Treasure finds 'important to Shropshire's story'

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image copyrightBritish Museum’s Portable Antiquities Scheme
image captionThe mix of Iron and Bronze Age axe heads in one hoard is "groundbreaking", according to an expert

Tools, rings and weapons dating back more than 2,500 years have been declared as treasure.

An expert said one of the five hoards from Shropshire was "groundbreaking" as it included tools from both the Bronze and Iron Ages.

Peter Reavill said he thought it was the first time tools from both periods had been found together in Britain.

"All are prehistoric finds and really important to the story of Shropshire," he said.

Bronze Age specialist Mr Reavill, who is Shropshire's finds liaison officer, said the county's museums hope to acquire all the items.

image copyrightBritish Museum’s Portable Antiquities Scheme
image captionAnother hoard consists of three Bronze Age axes, one which has been merged with two other tools, plus a cauldron ring and a personal razor

All the finds were made within a square mile of each other, in the same area as the Shropshire Bulla.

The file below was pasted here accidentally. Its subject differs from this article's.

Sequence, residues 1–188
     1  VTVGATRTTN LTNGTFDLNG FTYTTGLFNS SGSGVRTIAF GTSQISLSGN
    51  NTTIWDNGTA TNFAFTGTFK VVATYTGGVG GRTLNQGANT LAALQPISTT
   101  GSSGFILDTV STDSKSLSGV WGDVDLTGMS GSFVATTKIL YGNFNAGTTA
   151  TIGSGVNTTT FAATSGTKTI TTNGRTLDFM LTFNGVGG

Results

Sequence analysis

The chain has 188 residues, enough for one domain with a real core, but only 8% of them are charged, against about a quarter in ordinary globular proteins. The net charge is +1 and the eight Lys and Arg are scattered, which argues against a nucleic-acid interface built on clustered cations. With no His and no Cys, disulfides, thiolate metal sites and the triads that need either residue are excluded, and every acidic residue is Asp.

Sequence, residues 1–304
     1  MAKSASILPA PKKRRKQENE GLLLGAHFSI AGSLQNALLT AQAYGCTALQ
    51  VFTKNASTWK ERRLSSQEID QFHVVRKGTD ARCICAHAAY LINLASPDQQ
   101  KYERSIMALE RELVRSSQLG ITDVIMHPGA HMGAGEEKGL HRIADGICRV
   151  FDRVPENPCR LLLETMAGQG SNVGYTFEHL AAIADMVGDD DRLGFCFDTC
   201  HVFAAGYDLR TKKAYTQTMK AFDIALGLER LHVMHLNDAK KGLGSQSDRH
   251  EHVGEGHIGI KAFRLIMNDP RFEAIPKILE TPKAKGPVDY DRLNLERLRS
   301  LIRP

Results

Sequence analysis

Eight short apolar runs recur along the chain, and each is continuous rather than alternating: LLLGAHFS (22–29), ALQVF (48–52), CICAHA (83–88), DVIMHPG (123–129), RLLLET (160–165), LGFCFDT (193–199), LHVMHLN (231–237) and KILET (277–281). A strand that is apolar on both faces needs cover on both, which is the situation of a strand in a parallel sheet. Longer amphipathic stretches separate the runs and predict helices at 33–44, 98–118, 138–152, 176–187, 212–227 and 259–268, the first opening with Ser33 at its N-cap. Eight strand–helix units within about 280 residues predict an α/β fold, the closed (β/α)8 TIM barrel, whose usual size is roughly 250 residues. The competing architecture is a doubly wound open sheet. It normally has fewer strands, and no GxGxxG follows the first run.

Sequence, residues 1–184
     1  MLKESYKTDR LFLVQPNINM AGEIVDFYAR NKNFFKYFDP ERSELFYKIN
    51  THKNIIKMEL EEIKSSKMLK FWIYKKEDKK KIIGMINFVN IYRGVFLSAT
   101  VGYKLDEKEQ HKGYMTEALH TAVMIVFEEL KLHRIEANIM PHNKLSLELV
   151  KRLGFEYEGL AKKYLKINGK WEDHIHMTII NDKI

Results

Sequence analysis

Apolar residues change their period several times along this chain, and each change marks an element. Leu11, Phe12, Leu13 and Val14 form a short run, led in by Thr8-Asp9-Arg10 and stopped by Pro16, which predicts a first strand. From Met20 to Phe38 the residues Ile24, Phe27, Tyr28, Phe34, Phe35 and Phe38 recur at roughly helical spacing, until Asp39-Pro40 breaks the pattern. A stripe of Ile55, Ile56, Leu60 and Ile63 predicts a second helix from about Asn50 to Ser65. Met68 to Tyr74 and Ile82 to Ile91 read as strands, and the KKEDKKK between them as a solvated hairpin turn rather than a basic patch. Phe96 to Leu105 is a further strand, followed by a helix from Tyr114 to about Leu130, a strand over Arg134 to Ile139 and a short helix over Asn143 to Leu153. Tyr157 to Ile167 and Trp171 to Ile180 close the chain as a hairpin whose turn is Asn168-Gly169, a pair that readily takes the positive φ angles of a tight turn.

Mr Reavill believes they were placed deliberately on the edge of a wetland area as "offerings" to the weather.

He said their discovery in 2017 and 2018 was partly due to "climate change", as erosion brings them to the surface.

One hoard contains both bronze and iron axe heads, dating from 750BC to 650BC, which Mr Reavill described as "groundbreaking".

"With iron axes of this period, they are basically learning how to use the metal," he said.

There are only about 25 iron axes discovered in Britain, according to Mr Reavill.

image copyrightBritish Museum's Portable Antiquities Scheme
image captionA more typical hoard was found among the five, consisting of two Bronze Age axe heads and tools
image copyrightBritish Museum’s Portable Antiquities Scheme
image captionThe lock rings were likely placed in the lead ingot

Another hoard, consists of two gold lock rings, likely to have been used as beads on a necklace or in hair, was placed inside a lead ingot - most likely to weigh down the gold offering.

But Mr Reavill said the lead was actually more important, as there are only about 10 objects of the metal from the Bronze Age in the country.

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At inquests held in Shrewsbury's Shirehall, all five hoards were declared as treasure by coroner John Ellery.

Mr Reavill said: "These are all to do with the people who lived in Shropshire so we are able build up a better understanding of everyday people's lives."

image copyrightBritish Museum’s Portable Antiquities Scheme
image captionAnother hoard includes spears, a gouge, a chisel, an axe and some metalworking waste

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